AGRICULTURAL ENGINEERING is that specialized branch of engineering which deals with agriculture ; it seeks scien tifically to direct the forces and facts of nature to the advantage of the farmer.
The distinction between agricultural and the other branches of engineering may be illustrated by examples—irrigation and drain age, for instance. The agricultural engineer concedes to the civil engineer the problems incident to the extensive storage and arterial distribution of irrigation water, and to the design and construction of large community drainage outlets. The benefits of such works, however, are realized only to the extent that contact is made with individual farms. It is at this point that the agricultural engineer claims jurisdiction. In irrigation, the water made available to the farm must be economically distributed and applied with reference to the topography, the character of the soil and the crops to be irrigated. In drainage, ditches and underdrains must be planned with regard for the peculiarities of each field and of the use to be made of the land. Again, although the agricultural engineer does not ordinarily concern himself with the commercial design and the manufacture of farming implements, he does claim a share in securing not only the best use of such equipment as is at hand, but also better designed equipment.
Agricultural engineering is the outgrowth of a realization that many of the farmers' problems lie within the field of engineering and therefore should be attacked from that point of view. It is generally recognized that the marked advance in agriculture since 185o has been due in large measure to improved engineering prac tice.• Thus the development of farm-land from its primal state by clearing, the control of erosion by terraces, the disposal of surplus water and the acquiring and regulating of the water needed for plant growth and for human and animal consumption, the erection of structures of all types, with their problems of light, heat, venti lation, etc., and the best use and design for the machinery and implements used in farm operations and transportation, as well as the sources of the power which operates them, are all problems for the agricultural engineer. This is common sense, and in the United States this view is generally accepted. In England and Continental Europe, however, the scope of agricultural engineering is less defined, the tendency being rather to give practical recognition to two distinct divisions of the science, dealing respectively with the mechanical phases (implements, machinery and power) and those of the soil (irrigation, drainage, erosion control, etc.) .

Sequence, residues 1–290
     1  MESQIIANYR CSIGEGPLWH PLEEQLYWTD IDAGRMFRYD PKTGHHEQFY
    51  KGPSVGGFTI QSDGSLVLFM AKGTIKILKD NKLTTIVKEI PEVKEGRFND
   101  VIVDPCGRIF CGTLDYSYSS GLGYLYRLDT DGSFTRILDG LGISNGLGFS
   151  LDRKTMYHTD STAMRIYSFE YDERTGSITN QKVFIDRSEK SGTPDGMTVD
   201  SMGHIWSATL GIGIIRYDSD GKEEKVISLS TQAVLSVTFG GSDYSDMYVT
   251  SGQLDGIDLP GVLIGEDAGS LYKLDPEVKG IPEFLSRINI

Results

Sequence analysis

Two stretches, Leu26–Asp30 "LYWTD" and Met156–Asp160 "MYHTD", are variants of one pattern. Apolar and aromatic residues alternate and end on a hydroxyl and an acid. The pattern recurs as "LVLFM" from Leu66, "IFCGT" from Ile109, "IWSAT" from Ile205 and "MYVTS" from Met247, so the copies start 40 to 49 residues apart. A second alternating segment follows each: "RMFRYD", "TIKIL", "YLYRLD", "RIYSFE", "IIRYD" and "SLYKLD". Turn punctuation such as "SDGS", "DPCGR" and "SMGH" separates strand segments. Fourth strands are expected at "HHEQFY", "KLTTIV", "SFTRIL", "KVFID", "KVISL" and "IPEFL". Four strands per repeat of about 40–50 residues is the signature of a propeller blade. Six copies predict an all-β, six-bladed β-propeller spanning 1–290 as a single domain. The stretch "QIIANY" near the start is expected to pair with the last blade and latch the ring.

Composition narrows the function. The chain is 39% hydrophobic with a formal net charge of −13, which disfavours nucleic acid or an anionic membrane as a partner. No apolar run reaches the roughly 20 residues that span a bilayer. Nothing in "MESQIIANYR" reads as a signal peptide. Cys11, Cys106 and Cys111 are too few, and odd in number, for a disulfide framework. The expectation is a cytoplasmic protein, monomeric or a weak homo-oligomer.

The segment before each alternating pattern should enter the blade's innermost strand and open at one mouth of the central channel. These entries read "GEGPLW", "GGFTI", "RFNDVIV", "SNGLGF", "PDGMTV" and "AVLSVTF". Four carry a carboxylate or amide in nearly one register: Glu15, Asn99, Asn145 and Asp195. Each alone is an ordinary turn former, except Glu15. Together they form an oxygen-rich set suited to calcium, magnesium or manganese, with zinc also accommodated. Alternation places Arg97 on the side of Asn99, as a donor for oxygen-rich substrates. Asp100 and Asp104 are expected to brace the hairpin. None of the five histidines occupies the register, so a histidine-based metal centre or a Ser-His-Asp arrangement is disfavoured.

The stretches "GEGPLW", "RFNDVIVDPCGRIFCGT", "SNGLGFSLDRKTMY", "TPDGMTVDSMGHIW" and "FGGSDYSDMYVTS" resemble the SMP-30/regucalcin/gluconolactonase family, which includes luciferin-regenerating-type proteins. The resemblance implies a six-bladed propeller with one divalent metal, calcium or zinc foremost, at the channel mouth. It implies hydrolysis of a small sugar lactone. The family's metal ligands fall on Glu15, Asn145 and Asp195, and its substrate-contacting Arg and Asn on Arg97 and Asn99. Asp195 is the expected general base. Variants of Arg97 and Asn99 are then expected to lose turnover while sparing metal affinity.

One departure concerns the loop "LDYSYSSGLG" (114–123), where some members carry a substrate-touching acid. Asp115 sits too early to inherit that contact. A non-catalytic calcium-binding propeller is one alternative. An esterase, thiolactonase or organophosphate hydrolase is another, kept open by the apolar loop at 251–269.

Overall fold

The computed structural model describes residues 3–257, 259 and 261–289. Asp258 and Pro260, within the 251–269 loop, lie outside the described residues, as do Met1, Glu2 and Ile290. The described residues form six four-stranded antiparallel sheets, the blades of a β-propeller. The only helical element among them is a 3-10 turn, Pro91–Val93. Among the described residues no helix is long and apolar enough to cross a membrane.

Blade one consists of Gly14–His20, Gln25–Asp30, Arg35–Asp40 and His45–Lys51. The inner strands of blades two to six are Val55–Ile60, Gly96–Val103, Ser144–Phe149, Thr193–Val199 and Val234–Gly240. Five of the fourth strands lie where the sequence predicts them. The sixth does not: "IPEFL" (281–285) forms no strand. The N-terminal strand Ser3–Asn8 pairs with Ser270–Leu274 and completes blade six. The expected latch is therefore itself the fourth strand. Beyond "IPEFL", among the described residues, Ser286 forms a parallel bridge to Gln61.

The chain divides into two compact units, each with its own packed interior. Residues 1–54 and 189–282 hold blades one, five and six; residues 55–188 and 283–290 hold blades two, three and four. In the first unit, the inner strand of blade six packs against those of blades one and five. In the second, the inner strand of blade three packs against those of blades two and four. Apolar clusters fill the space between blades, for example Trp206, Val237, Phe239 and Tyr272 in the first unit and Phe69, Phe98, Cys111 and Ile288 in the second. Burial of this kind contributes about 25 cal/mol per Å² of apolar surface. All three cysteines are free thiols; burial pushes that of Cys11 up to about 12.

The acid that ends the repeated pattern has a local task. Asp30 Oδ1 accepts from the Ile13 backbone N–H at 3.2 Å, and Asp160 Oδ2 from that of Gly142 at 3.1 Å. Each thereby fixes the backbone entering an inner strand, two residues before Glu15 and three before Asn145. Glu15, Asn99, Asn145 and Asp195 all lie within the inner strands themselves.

In the United States in 1928 12 State agricultural colleges main tained courses leading to a degree in agricultural engineering, while several others, though they did not grant degrees, offered courses that constituted a virtual recognition of the science. Such German universities as are equipped to give instruction recognize agricul tural engineering by offering a doctor's degree. Up to the present time agricultural engineering has been looked upon chiefly as one of the many agencies through which, by research and dissemina tion of information, governmental and educational institutions are striving to improve the condition of the farmer. One does not, therefore, often meet with the practising or consulting agricultural engineer. (See also articles on LAND RECLAMATION ; ELECTRICAL